EDITING KNOWHOW Top Ten Proofreading Tips Revisited

Catriona Tippin (A.K.A Proofreading Tips) revisits Ten Tips to consider when proofreading your work in progress. Regular Words & Pictures readers will recognise these – but it’s good to be reminded of how to get the best from a proofread...

1 Get in the mood 

Put your work to one side for a while. Don’t attempt to proofread immediately after writing The End with a flourish. Your creative brain isn’t the same as your proofreading brain and you need to be in the zone.

2 Hard copy 

Some prefer to proofread a printed copy. This may work for you. Keep your concentration focused by using a font you don’t like. Curlz? Comic Sans? More on fonts here

3 Margin call 

Read through, make corrections and remember to ‘Save’. Then change the font size, or the margins, and read through again. Typos hide at the beginnings and endings of lines, so changing the font size or the margins will flush them out.

4 Organising and analysing v organizing and analyzing 

Use your Spellchecker function, but remember it may suggest American spellings: theater, mold, jewelry, etc. Your Spellchecker may also offer the American spellings of 'organize', 'analyze' etc. This may be what you want, but don’t mix with the usual UK English use of 'organise', 'analyse' etc. The choice of  'ise’ or ‘ize’ is up to you – just be consistent. Most British publishers use ‘ise / yse’. British newspapers and the BBC use ‘ise / yse’. If you’re using Oxford spelling, as used by Oxford University Press -  for historical and etymological reasons, then it’s ‘ize / yze’ (except for advertise, televise and a few others). Using the UK spelling means you can use your ‘Find’ function to look for ‘ize’ and if it isn’t in ‘size’ ‘seize’, ‘maize’ or ‘capsize’… it probably needs checking.

5 On Your Own? 

Read your work aloud. This helps you find sentences that need shortening and/or dividing. Obviously, if your WIP is a picture book rather than a lengthy novel, you’re a winner. There are read aloud programs, such as Word Narrator, to try too.

6 Search and Ye Shall Find 

Use your Find function to look for your weaknesses. We all have regular mistakes, for instance typing ‘adn’ for ‘and’. When inspiration hits and you’re typing quickly it’s easy to transpose letters. If you fine tune your Autochecker function you can pick up your regular typos, but nothing beats a painstaking read through.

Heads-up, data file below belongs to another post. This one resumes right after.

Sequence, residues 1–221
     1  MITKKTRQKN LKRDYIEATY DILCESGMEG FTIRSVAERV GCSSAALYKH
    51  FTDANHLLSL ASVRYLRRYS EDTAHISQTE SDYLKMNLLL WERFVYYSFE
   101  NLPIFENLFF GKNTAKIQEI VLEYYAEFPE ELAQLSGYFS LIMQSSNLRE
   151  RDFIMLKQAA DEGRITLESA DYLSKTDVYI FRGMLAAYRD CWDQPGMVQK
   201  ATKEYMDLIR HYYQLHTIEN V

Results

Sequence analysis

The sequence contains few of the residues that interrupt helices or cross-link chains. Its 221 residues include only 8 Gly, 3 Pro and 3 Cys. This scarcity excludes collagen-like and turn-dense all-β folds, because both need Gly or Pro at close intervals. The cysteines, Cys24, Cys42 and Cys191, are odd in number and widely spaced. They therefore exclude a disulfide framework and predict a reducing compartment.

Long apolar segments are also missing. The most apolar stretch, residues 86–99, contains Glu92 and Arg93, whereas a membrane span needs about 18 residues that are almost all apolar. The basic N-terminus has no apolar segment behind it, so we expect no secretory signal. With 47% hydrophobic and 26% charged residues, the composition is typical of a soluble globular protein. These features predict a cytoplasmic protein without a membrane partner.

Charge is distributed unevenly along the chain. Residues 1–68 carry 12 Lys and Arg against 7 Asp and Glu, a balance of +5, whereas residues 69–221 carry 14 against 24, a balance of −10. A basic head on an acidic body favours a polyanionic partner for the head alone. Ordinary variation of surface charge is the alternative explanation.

7 Greengrocers Apostrophe’s 

Use your Find function to look for apostrophes and check them. Check all your possessives – ‘the greengrocer’s apostrophe’, ‘the cat’s whiskers’, ‘the footballers’ wives’. Check all your contractions – ‘don’t’, ‘won’t’ etc. Regular typos I see include ‘you’re’ for ‘your’,’ ‘it’s’ for ‘its’ and ‘they’re’ for ‘there’ or ‘their’. Find and check. More on apostrophes here

8 !@&!#?! 

Use your Find function to look for exclamation marks and think about them. Colin McNaughton’s Preston Pig can get away with ‘Suddenly!’ and ‘Boo!’, but exclamation marks can nearly always be deleted. Your writing should get the reader exclaiming, not the punctuation. F Scott Fitzgerald: “Cut out all these exclamation points. An exclamation point is like laughing at your own joke.”

9 Facts Facts Facts 

Check your facts as well as your spelling and grammar. You can use Wikipedia  but only for the links to actual sources listed as footnotes in each entry. Yes, you need to scroll right down the Wikipedia page to the small print, follow those numbered links and check them. If your research involves travel etc. remember all expenses incurred are tax deductable, so keep your receipts. More on fact checking here

10 Increase Your Wordpower 

Consult style guides: BBC, The Economist, The Guardian, The Telegraph, and The Times if you subscribe. They are helpful for established opinions on usage, spelling of controversial (or topical, or foreign) words, use of hyphens etc. Dictionary websites are useful too.

Here’s a new word for your vocabulary. Featured in New Scientist 3 October 2015, it was included in “readers’ suggestions of feelings they lacked a word for” – Lexnesia: for when you write a word and suddenly it looks weird and you’re not even sure if it’s a proper word...

*Header photo credit: Green Chameleon on Unspalsh 

Catriona, aka Proofreading Tips, will be co-hosting a Friday Fringe event on comics at the SCBW-BI 2017 Conference next month.

Catriona Tippin
Browse 40 Proofreading Tips articles by Catriona featured previously in Words & Pictures here 

Catriona Tippin has been a member of SCBWI since 2006. Details of her writing and illustrating can be found here (SCBWI). She’s @proofreadingtip on Twitter, and her Proofreading Tips for Words & Pictures can be found here.

Louisa Glancy is a features editor for Words & Pictures.
Contact: writers@britishscbwi.org
Twitter: @Louisa Glancy

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